Bilingual education in disadvantaged neighbourhoods: the case of African immigrants' descendants in Portugal
Migration Seminar Series in the School of International Development within the Social Sciences, Faculty at the University of East Anglia
Students of PALOP (African Countries of Portuguese Official Language) origin have systematically shown weaker academic achievement in Portugal, when compared to students either of non-migrant origin or of other migrant backgrounds. This leads us to question the efficiency of educational policies, especially due to the similarities between languages, such as Portuguese and Cape Verdean Creole. In this context, the projects Bilingual Class and Multilingual School were implemented in two public schools of basic education (2008-2012), in a neighbourhood characterized by significant socioeconomic deprivation, coordinated by the Institute of Theoretical and Computational Linguistics (ILTEC). In addition to the teaching of (and in) Cape Verdean Creole and Portuguese, focus was given to the development of the students’ linguistic conscience and positive linguistic attitudes, which involved their families and the school community. Five years after the implementation of these projects, a new study now aims at evaluating the impact of an early bilingual education. Focusing on trying to understand young people’s sociolinguistic reality, we examine national education policies concerning linguistic diversity and the teaching of Portuguese as a second language, and look at how these relate to the impact of the Bilingual Class and Multilingual School projects. With an interdisciplinary approach (sociological and sociolinguistic), we aim to contribute to the acknowledgement of linguistic diversity in policy, and to an effective citizen-centred approach to such complexity.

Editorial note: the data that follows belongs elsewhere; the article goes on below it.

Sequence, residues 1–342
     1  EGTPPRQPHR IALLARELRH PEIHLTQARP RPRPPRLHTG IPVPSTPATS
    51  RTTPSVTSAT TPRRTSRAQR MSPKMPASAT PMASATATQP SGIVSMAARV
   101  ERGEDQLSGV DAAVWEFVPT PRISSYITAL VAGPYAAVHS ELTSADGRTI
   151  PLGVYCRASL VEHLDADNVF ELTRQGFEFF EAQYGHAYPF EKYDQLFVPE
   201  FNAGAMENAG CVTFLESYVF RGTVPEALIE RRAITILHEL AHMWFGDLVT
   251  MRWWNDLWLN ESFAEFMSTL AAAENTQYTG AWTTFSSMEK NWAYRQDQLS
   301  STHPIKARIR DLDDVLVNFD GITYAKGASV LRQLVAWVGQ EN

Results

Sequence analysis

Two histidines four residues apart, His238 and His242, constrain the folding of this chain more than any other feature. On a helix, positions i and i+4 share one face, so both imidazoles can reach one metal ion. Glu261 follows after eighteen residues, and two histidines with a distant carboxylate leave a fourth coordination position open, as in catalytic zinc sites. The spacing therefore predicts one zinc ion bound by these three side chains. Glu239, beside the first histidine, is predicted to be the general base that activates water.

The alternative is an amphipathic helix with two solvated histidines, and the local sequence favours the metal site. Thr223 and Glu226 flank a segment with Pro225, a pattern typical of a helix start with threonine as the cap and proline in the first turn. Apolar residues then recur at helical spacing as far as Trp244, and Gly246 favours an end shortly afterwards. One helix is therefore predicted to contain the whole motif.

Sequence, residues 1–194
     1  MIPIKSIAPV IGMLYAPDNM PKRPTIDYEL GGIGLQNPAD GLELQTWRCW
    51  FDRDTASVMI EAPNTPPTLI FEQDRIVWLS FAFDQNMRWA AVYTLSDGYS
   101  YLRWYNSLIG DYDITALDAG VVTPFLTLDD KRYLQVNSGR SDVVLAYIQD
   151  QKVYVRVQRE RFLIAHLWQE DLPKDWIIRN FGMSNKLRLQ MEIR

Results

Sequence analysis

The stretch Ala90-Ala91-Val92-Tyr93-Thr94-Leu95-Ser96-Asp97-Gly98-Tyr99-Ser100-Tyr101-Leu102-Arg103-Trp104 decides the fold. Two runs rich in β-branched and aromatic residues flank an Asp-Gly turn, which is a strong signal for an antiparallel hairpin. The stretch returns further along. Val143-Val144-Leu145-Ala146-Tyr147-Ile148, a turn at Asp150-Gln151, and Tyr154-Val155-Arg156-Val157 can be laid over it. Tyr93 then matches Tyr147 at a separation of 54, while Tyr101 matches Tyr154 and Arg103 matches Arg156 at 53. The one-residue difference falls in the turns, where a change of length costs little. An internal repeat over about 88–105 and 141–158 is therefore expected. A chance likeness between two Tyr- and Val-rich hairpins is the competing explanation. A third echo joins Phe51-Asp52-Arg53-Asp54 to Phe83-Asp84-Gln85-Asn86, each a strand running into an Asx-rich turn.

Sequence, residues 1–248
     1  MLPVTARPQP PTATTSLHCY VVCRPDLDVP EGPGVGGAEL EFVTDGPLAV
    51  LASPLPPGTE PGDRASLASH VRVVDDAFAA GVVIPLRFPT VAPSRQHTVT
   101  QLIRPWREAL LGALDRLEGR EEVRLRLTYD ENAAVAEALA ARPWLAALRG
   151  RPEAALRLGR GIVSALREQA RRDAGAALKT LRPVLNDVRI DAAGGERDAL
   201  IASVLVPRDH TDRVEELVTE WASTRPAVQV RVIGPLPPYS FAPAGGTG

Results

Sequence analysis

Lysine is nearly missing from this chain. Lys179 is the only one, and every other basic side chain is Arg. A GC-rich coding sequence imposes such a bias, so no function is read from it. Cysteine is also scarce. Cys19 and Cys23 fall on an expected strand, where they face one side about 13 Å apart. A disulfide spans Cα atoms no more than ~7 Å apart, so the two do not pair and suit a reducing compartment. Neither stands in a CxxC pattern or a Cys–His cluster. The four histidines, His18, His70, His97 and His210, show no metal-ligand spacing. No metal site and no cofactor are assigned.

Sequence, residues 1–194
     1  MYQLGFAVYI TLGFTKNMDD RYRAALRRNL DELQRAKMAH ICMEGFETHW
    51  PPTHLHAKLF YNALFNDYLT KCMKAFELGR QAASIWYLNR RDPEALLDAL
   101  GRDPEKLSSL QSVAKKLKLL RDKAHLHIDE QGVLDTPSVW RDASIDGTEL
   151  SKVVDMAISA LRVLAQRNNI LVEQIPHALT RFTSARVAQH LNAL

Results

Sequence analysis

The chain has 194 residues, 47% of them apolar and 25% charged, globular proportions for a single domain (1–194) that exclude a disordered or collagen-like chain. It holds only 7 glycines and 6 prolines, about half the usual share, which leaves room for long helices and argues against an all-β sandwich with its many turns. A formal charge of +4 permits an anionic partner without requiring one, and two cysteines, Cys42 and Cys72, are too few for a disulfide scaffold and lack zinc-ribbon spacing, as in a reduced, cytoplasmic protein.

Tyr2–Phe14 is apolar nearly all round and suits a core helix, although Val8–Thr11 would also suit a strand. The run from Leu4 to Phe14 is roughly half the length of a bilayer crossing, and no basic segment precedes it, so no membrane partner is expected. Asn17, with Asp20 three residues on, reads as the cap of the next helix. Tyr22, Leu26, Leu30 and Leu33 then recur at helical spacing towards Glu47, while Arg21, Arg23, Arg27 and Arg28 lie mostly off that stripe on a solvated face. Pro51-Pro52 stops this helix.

Educational Policies,Language policies,Intergenerational Approach,Descendants of Cape-Verdean Immigrants,Socio-economic deprived territories
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